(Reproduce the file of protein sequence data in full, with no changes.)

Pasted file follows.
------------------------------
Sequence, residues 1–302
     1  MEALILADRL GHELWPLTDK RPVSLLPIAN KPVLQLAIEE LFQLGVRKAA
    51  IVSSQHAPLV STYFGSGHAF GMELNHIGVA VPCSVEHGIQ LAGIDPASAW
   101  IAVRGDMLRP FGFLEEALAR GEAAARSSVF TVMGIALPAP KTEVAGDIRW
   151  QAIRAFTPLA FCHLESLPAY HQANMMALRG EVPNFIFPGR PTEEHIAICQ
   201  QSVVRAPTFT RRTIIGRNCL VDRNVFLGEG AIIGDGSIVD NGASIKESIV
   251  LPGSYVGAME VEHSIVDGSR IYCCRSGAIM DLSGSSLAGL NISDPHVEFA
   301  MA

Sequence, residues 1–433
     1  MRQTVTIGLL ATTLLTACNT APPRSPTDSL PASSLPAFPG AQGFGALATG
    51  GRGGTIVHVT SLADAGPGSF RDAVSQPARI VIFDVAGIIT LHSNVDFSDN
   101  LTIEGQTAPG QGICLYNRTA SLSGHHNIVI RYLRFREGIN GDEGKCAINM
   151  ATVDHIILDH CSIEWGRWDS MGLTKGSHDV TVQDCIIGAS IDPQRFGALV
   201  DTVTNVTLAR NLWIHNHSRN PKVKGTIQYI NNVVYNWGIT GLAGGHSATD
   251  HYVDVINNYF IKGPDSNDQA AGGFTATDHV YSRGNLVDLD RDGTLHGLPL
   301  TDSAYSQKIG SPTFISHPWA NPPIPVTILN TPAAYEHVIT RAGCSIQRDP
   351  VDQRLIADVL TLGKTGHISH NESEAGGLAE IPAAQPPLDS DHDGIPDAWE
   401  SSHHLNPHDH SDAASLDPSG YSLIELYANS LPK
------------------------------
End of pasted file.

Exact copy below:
Sequence, residues 1–302
     1  MEALILADRL GHELWPLTDK RPVSLLPIAN KPVLQLAIEE LFQLGVRKAA
    51  IVSSQHAPLV STYFGSGHAF GMELNHIGVA VPCSVEHGIQ LAGIDPASAW
   101  IAVRGDMLRP FGFLEEALAR GEAAARSSVF TVMGIALPAP KTEVAGDIRW
   151  QAIRAFTPLA FCHLESLPAY HQANMMALRG EVPNFIFPGR PTEEHIAICQ
   201  QSVVRAPTFT RRTIIGRNCL VDRNVFLGEG AIIGDGSIVD NGASIKESIV
   251  LPGSYVGAME VEHSIVDGSR IYCCRSGAIM DLSGSSLAGL NISDPHVEFA
   301  MA

Sequence, residues 1–433
     1  MRQTVTIGLL ATTLLTACNT APPRSPTDSL PASSLPAFPG AQGFGALATG
    51  GRGGTIVHVT SLADAGPGSF RDAVSQPARI VIFDVAGIIT LHSNVDFSDN
   101  LTIEGQTAPG QGICLYNRTA SLSGHHNIVI RYLRFREGIN GDEGKCAINM
   151  ATVDHIILDH CSIEWGRWDS MGLTKGSHDV TVQDCIIGAS IDPQRFGALV
   201  DTVTNVTLAR NLWIHNHSRN PKVKGTIQYI NNVVYNWGIT GLAGGHSATD
   251  HYVDVINNYF IKGPDSNDQA AGGFTATDHV YSRGNLVDLD RDGTLHGLPL
   301  TDSAYSQKIG SPTFISHPWA NPPIPVTILN TPAAYEHVIT RAGCSIQRDP
   351  VDQRLIADVL TLGKTGHISH NESEAGGLAE IPAAQPPLDS DHDGIPDAWE
   401  SSHHLNPHDH SDAASLDPSG YSLIELYANS LPK